But maybe that’s a false dichotomy: maybe the kinds of global connections created by popular music, by Prince specifically, can also link us to struggles for justice. Popular music provides an index of sound and memory. It is intensely personal, but also widely shared. And maybe this sharing is revolutionary: bread and roses, Prince and The Revolution.
There isn’t any misunderstanding between us and them. We are proud of our heritage, but disappointed in our community’s support of the inhumane occupation.
Just as every year the haggadah tells us we must see ourselves as if we personally left Egypt and were personally redeemed from oppression, so every year we must push ourselves out of our comfort zones and try to embrace new and "strange" habits of mind and thoughts. We cannot rely on what was once difficult and brave for us but is now part of our regular internal conversation or behavior.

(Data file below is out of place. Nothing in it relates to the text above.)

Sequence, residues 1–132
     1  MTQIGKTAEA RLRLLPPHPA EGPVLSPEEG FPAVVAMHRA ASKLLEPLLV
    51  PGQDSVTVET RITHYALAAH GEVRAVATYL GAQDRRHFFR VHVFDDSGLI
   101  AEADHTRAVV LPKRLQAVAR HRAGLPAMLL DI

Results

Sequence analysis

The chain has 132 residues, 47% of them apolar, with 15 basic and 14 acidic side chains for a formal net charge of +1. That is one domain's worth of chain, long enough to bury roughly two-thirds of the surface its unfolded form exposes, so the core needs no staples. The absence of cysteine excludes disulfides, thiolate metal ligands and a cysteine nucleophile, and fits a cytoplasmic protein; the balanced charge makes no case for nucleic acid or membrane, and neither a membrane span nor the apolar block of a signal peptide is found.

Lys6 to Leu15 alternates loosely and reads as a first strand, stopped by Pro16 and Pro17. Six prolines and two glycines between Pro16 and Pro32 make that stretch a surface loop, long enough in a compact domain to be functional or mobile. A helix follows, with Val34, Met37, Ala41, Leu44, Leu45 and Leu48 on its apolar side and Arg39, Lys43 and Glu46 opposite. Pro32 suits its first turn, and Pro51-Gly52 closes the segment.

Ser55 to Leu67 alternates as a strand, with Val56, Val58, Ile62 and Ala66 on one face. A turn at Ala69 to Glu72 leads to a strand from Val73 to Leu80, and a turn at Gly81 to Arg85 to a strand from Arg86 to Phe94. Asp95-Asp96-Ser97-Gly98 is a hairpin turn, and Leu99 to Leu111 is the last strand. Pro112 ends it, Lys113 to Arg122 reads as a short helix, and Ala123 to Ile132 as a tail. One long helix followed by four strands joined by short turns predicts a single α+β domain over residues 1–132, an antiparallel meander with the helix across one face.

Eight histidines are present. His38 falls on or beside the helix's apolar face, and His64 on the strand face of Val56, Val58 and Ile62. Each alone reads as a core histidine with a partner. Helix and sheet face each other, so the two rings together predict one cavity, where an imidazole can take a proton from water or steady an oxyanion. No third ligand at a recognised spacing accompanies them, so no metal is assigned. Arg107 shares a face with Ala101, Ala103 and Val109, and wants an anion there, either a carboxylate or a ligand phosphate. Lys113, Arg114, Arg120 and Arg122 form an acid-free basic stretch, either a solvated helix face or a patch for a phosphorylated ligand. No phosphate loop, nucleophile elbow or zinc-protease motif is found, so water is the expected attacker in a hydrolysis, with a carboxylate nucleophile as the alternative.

Jews of color should oppose "diversity" in synagogues and Jewish spaces, writes Mark Tseng Putterman, unless they are explicitly anti-racist.
Jewschool is proud to partner with the first Jews of Color National Convening on May 1-3 in NYC and to host a series written by Jews of color about their movement for greater racial justice within and by the American Jewish community.
Hillel's famous axiom, "if not now, when?" means American Jewry must condemn the occupation, writes arrested #LiberationSeder member Jonah Canner.
This week nearly 500 #IfNotNow members joined #LiberationSeder actions across the country calling on American Jewish institutions to end their support for the occupation.